via  jooleeah_stahkey Flickr Creative Commons

via jooleeah_stahkey Flickr Creative Commons

Kate Bornstein has had a profound effect on my life in a way she may never know (unless I decide to get brave and tweet this post @ her).

In September, I saw Kate Bornstein is a Queer and Pleasant Danger as a part of the Austin Gay & Lesbian Film Festival.

In the film, she talks about her book Hello Cruel World which offers 101 alternatives to suicide. Bornstein basically says that she doesn’t know why anyone shouldn’t kill themselves, but she might be able to offer a way to make your life more worth living, whatever that means and whatever it takes.

It was advice repeated several times throughout the film: make your life more worth living.

As someone who’s survived a suicide attempt, that thought, that idea, that phrase has proved instrumental in helping me get back on track in a productive way.

Because as we all know, life doesn’t always go as planned. And as someone predisposed to depression, when things start going wrong and I start to feel overwhelmed, it’s easy for my brain to move to this space of, “Why am I still alive if I’m only going to X?” Whether that X is working at a call center or struggling to pay rent.

Whenever I feel like I’m not making the most of this second chance, it weighs on me. In an existential way. I haven’t had any suicidal ideations since I got out of the hospital 7 years ago. But even being hip deep in depression can be quite deep enough.

Bornstein’s advice gave me another way out. Instead of sinking further into depression, feeling that I’m wasting this time and not amounting to anything worth being alive for, all I have to do is grasp onto one thing, no matter how small, that could make this situation better.

I don’t have to fix everything. But being able to think, “How can I make my life more worth living?” pulls me up instead of down. It helps me clarify the area putting the most stress on my psyche, so I can focus my energy on how to change that.

It doesn’t even mean I know any faster. Sometimes I don’t know what I can do for weeks or months. It still takes time to sort out the root cause of dissatisfaction. But thinking that I could possibly do something and wondering what that might be gives me a sense of power in what would otherwise feel like a hopeless situation.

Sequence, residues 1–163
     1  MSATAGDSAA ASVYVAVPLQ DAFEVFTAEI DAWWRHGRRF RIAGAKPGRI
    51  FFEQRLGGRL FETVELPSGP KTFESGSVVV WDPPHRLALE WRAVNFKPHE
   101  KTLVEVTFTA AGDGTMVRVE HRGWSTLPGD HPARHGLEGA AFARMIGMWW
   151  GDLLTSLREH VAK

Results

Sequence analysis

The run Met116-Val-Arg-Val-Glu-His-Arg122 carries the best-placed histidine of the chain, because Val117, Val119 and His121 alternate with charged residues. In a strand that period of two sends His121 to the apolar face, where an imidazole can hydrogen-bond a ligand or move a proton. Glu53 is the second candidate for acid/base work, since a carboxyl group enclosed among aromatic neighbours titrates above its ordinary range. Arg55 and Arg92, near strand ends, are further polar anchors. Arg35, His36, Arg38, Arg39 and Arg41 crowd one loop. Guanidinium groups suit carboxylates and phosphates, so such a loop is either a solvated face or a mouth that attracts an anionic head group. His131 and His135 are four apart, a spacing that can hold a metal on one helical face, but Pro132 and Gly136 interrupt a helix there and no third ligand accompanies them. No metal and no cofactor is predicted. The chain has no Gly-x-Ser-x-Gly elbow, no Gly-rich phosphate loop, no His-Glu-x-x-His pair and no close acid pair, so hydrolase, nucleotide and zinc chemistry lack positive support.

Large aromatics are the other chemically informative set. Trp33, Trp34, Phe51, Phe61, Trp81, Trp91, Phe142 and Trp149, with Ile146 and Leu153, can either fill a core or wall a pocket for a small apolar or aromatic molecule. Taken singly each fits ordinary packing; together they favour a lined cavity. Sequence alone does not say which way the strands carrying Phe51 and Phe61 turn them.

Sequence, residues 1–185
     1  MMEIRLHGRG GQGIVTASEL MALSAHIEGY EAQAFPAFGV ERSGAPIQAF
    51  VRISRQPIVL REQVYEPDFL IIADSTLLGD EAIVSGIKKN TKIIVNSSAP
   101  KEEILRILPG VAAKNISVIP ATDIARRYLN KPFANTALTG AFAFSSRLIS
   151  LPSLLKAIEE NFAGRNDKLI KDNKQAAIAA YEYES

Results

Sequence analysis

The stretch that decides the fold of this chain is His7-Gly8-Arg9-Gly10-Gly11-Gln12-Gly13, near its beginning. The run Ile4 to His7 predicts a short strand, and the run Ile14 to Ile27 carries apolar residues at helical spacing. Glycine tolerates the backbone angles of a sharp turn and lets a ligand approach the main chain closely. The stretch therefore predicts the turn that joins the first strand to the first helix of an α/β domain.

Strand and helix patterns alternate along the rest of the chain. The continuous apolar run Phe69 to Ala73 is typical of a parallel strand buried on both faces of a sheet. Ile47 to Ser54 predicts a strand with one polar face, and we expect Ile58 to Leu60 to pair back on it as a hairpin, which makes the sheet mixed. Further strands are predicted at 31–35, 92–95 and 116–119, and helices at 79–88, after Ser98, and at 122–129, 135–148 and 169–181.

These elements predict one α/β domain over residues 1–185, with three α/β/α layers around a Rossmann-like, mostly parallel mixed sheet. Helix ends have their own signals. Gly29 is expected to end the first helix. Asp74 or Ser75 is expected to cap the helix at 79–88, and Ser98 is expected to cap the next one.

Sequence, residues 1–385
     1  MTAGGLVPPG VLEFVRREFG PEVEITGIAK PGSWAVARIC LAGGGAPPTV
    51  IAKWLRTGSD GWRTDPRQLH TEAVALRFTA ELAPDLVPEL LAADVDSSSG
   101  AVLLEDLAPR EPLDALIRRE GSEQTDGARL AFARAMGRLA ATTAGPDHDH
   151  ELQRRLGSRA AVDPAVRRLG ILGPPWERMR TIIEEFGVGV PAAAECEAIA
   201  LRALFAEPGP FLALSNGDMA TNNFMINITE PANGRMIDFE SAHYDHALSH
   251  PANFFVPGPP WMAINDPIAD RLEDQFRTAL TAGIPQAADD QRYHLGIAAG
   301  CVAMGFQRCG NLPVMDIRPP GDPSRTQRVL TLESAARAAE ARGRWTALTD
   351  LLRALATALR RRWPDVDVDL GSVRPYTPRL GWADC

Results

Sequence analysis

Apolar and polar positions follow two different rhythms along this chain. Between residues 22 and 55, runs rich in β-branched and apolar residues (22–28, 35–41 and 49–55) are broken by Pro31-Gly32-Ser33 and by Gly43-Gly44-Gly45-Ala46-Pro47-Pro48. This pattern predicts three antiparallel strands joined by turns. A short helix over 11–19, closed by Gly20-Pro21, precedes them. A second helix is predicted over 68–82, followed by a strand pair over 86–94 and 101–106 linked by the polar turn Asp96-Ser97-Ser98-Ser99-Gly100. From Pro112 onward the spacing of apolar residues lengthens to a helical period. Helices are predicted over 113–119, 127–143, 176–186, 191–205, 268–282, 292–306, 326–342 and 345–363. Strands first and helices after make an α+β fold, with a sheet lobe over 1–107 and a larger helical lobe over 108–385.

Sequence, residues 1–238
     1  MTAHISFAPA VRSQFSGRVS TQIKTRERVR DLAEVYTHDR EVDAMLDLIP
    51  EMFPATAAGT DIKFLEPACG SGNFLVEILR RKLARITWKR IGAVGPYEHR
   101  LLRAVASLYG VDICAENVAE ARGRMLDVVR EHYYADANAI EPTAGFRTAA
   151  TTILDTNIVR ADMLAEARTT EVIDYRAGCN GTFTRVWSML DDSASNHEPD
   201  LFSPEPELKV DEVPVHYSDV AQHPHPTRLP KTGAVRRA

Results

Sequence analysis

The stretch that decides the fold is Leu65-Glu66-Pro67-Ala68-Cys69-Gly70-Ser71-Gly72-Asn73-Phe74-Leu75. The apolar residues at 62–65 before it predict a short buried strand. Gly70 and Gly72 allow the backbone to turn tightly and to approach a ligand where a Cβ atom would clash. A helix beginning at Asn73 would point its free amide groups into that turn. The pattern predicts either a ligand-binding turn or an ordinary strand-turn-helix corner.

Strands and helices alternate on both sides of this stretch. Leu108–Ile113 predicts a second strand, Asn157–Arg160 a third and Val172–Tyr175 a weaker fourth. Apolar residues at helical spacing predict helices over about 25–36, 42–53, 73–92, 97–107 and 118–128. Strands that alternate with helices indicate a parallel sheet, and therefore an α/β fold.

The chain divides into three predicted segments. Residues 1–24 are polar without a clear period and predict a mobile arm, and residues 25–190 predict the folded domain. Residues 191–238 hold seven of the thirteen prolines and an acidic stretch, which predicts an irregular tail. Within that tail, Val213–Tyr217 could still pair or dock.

Asking, “How can I make my life more worth living?” allows me to imagine a life that’s better than the one I have now, in a way my depression never could.

It’s still hard to live a life that isn’t as worth living as you’d like sometimes. But even that glimmer of hope some days can be enough to sustain me.

It’s hard to stay grounded in your desires, sometimes, when the world wants to pull you one way or the other. I’ve found that when I’m feeling overwhelmed and out of control, it’s because I’m allowing the needs of others to factor too largely in my lifescape. It’s because I’m giving too much – more than is sustainable.

Asking, “How can I make my life more worth living?” redirects my energy back to myself, giving me space to think about what my needs are and if or how I could privilege them more fully. I’m always afraid of being selfish, when really, I am probably being too accomodating.

Plus, Bornstein said in the film that no one has to worry about the cosmic consequences of making their lives more worth living because she’s willing to shoulder the weight of any transgressions. “You do whatever it takes to make your life worth living,” Bornstein said. “Anything at all. It can be illegal, immoral, self-destructive. There’s one rule – don’t be mean.”

My favorite part of this mantra, if you will, is the HOW, which implies that I can. I’m not asking whether or if I could make my life more worth living. I’m asking how.

These thoughts came to me today as I’m thinking about making another shift in my life, and wondering what it might look like. I think having someone else make the imperitive helps, too. Knowing that someone else out there cares if my life is worth living and wants it to be so.

Now, I’m sure all my loved ones want my life to be as worth living as it can be. But there’s something about the visual recall of that moment at the end of the film. Something about Bornstein’s passion and conviction that my life deserves to be worth living which still calls to me, six months later.

If I start to feel hopeless or like it’s too hard or there’s nothing I can do to fix anything, if I can just remember her voice, it’s like a buoy, keeping me from sinking down.

I’m not sure at what point I became conscious that this was helping me. But I would remember that film, seemingly out of the blue, and just thinking about it would give me strength. And in the last few months, I’ve been trying to keep that phrase more in the forefront of my mind on purpose.

It feels like my life is an onion. I was lost for so long. But now I’m just peeling off all the layers of my life that aren’t working for me, one by one. I have a sense of purpose again. A sense of direction. What am I doing with my life? Finding ways to make it more worth living.

And maybe that can be enough.

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